Possible Estuary- Associated Syndrome (PEAS)
Has been found in the Tar-Pamlico and Neuse River estuaries of North Carolina and in the Pocomoke River on Maryland's eastern shore
Various

Respiratory and eye irritation, neurocognitive



Diagnosis


Test
Shellfish
Finned fish

SPT

  • SPT with commercial extracts and fresh food typically has a high negative predictive value
  • SPT with commercial extracts and fresh food typically has a high negative predictive value
  • Boiled extracts may be more allergenic than raw, most commercial extracts include boiled shrimp allergen

In-vitro IgE assays

  • sIgE (Phadia ImmunoCap) to:
    • Various fish species (see catalog)
    • Beta-parvalbumin
      • rCyp c 1 - carp
      • rGad c 1 - cod
  • sIgE (Phadia ImmunoCap) to:
    • Various shellfish species (see catalog)
    • rPen a 1 - shrimp tropomyosin
      • In one study, sIgE to shrimp tropomyosin (via an ELISA method) was equally sensitive (~70%) but more specific (92%) than SPT (64%) or sIgE to whole shrimp (75%) in predicting positive shrimp food challenges in dust mite sensitized patients (but only 22% of patients had history of reaction to shrimp)
    • rDer p 10 - dust mite tropomyosin
  • ISAC to tropomyosins (Phadia ImmunoCap)
    • rAni s 3 - Anisakis
    • nBla g 7 - Cockroach
    • rDer p 10 - Dust mite
    • rPen a 1 - Shrimp
    • nPen i 1 - Shrimp
    • nPen m 1 - Shrimp

Oral Food Challenge

  • Results of OFC may be inconsistent due to species of seafood used, method of preparation (boiled vs. raw), incomplete digestion due to acid blocking medications, allergies only to specific components of the seafood (white vs. dark meat, crab shell, fish roe)
*



Shellfish Allergy Management (Sicherer)

Patient type
Management
Anaphylaxis (life threatening) to shellfish
  • Avoid ALL shellfish
  • Avoidance of finned fish is not necessary (unless patient also has an allergy to fish)
    • If choosing to eat finned fish, be aware of cross-contamination with shellfish during preparation
    • Avoid restaurants or prepare fish at home
Non-life threatening reaction to shellfish
  • Avoid specific type of shellfish that caused the reaction (e.g. shellfish A)
  • If ingestion of another type of shellfish is desired (shellfish B), consider further evaluation:
    • SPT to shellfish with commercial extract (consider fresh prick to prick), if negative, allow home ingestion (consider office ingestion or OFC), if SPT positive, avoid shellfish B (vs. cautious OFC)
    • If patient tolerated eating shellfish B at home afterreacting to shellfish A, may continue ingesting shellfish B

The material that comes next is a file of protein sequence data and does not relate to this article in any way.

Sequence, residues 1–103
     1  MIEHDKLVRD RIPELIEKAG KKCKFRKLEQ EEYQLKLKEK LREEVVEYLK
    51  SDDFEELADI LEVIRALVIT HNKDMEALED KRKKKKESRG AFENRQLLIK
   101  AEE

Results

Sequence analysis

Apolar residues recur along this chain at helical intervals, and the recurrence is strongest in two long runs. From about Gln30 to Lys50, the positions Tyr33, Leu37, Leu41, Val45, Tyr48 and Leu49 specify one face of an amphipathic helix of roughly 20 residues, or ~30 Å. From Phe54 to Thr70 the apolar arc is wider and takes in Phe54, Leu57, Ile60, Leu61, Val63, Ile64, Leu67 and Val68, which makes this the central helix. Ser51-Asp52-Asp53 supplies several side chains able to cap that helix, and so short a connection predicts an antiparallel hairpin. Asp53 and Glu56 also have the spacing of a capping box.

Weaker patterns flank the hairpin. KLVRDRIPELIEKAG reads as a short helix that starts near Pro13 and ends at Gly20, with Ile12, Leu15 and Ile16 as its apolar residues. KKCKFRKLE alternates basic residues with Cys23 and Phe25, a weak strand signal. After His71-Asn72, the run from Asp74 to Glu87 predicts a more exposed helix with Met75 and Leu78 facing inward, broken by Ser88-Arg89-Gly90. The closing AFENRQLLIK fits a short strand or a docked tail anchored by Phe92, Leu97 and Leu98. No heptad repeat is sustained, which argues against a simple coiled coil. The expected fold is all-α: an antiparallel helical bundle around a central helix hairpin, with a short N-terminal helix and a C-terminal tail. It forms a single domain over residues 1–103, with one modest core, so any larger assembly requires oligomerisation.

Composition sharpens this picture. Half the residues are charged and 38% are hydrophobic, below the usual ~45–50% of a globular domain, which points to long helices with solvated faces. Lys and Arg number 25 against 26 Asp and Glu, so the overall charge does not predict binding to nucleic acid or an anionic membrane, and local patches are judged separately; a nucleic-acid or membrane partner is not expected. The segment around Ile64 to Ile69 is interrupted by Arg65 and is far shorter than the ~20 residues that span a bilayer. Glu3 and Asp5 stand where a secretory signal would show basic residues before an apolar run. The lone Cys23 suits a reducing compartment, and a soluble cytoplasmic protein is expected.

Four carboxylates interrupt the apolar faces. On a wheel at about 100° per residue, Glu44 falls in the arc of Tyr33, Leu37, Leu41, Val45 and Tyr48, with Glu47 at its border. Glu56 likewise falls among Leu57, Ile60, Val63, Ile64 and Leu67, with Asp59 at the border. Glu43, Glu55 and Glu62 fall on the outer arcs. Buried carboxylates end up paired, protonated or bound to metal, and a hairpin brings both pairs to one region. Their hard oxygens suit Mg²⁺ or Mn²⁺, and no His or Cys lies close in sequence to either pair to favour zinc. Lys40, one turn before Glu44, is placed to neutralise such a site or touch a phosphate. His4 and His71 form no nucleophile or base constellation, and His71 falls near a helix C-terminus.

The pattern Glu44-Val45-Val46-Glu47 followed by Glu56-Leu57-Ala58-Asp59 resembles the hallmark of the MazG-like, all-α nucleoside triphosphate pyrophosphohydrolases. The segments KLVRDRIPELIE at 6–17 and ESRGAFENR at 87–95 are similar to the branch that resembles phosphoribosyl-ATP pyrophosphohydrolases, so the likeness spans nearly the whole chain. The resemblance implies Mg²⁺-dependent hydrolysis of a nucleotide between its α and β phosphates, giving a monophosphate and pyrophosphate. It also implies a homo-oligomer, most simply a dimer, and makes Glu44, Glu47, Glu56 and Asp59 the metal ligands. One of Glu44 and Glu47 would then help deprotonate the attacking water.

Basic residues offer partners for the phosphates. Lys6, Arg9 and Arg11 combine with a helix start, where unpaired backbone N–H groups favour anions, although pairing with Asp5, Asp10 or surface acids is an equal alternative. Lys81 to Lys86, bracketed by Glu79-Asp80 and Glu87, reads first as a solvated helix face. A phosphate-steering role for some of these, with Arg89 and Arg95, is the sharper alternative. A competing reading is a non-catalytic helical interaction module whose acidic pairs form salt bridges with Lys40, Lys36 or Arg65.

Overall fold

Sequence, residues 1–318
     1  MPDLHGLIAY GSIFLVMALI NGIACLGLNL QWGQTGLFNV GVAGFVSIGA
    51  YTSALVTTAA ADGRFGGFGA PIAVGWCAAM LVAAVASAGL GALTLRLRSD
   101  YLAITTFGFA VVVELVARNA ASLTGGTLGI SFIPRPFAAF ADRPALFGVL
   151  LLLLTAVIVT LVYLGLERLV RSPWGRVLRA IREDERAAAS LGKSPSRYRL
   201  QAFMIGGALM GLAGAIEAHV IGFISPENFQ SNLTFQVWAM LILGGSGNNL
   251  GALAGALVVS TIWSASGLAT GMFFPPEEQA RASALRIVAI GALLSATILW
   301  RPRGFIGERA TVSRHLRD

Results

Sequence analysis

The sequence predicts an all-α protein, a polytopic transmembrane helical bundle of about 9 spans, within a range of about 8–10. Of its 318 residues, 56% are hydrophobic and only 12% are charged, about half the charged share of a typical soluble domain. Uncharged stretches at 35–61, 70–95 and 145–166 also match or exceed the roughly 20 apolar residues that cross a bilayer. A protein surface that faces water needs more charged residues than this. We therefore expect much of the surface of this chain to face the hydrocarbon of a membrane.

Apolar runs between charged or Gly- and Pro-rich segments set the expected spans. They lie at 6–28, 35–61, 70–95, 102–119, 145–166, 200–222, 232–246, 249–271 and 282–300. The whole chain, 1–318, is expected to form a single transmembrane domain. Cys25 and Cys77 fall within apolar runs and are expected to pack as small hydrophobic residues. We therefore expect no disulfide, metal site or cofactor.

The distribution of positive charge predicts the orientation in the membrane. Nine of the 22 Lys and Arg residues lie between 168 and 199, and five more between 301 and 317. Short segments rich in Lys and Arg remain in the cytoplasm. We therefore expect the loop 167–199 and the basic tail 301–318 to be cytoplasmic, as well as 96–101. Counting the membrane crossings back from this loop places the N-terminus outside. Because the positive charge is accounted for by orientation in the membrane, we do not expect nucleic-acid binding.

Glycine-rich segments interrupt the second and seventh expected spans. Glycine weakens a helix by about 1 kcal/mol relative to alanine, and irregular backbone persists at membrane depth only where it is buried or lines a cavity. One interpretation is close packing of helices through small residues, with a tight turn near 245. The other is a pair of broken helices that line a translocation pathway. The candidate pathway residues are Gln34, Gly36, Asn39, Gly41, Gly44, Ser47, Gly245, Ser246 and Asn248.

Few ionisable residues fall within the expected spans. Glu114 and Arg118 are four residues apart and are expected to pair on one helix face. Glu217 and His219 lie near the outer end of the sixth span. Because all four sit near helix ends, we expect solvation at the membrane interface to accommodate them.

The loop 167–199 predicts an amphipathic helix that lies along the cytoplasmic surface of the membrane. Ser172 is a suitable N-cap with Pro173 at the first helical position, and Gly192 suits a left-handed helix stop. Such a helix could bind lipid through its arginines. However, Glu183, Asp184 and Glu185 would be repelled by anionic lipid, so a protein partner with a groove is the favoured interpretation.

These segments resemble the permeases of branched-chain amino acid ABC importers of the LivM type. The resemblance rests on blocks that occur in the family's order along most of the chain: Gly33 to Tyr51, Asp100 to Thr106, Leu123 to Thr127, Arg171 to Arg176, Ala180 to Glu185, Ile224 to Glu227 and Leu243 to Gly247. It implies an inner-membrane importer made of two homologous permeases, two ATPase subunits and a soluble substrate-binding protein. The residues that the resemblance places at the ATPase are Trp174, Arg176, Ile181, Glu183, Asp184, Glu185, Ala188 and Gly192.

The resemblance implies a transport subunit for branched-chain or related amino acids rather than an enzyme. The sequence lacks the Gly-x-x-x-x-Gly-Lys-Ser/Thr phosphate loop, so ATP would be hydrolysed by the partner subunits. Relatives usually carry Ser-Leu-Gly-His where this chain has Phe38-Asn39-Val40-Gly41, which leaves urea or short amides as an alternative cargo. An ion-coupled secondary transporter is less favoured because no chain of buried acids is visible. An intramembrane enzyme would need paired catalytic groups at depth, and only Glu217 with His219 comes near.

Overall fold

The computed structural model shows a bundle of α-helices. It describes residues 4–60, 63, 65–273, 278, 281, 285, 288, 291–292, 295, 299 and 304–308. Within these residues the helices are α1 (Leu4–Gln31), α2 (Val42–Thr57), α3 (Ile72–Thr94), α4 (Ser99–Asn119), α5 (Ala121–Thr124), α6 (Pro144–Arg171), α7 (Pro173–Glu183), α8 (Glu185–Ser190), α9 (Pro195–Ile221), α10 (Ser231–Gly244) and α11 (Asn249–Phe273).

• If allowed to eat another type of shellfish, be aware of cross-contamination during preparation; avoid restaurants, prepare shellfish at home
  • Avoidance of fish is not necessary (unless patient also has an allergy to fish)
    • If choosing to eat fish, be aware of cross-contamination with shellfish during preparation
    • Avoid restaurants, prepare fish at home



Finned Fish Allergy Management (Sicherer)

Patient type
Management
Anaphylaxis (life threatening) to fish
  • Avoid ALL fish
  • Avoidance of shellfish is not necessary (unless patient also has an allergy to shellfish)
    • If choosing to eat shellfish, be aware of cross-contamination with finned fish during preparation
    • Avoid restaurants, prepare shellfish at home
Non-life threatening reaction to fish
  • Avoid specific type of fish that caused the reaction (e.g. fish A)
  • If ingestion of another type of fish is desired (fish B), consider further evaluation:
    • SPT to fish B with commercial extract (consider fresh prick to prick), if negative, allow home ingestion (consider office ingestion or OFC), if SPT positive, avoid fish B (vs. cautious OFC)
    • If patient tolerated eating fish B at home after reacting to fish A, may continue ingesting fish B
    • Patients who react to fresh tuna/salmon typically tolerate them in canned form. If an individual has reacted to fresh tuna/salmon and is interested in eating them canned, additional SPT/OFC are suggested.
    • If allowed to eat another type of fish, be aware of cross-contamination during preparation; avoid restaurants, prepare fish at home. Be aware that up to 25% of fish in stores/restaurants may be mislabeled.
  • Avoidance of shellfish is not necessary (unless patient also has an allergy to shellfish)
    • If choosing to eat shellfish, be aware of cross-contamination with finned fish during preparation
    • Avoid restaurants, prepare shellfish at home
Reaction to canned fish only (fresh fish tolerated)
  • Allergy isolated to canned fish is rare
  • Some brands of canned tuna contain soy or milk proteins (and may apply to other canned fish)
  • Canned fish could be contaminated with shellfish during processing




Seafood Allergy Monitoring and Natural Course





References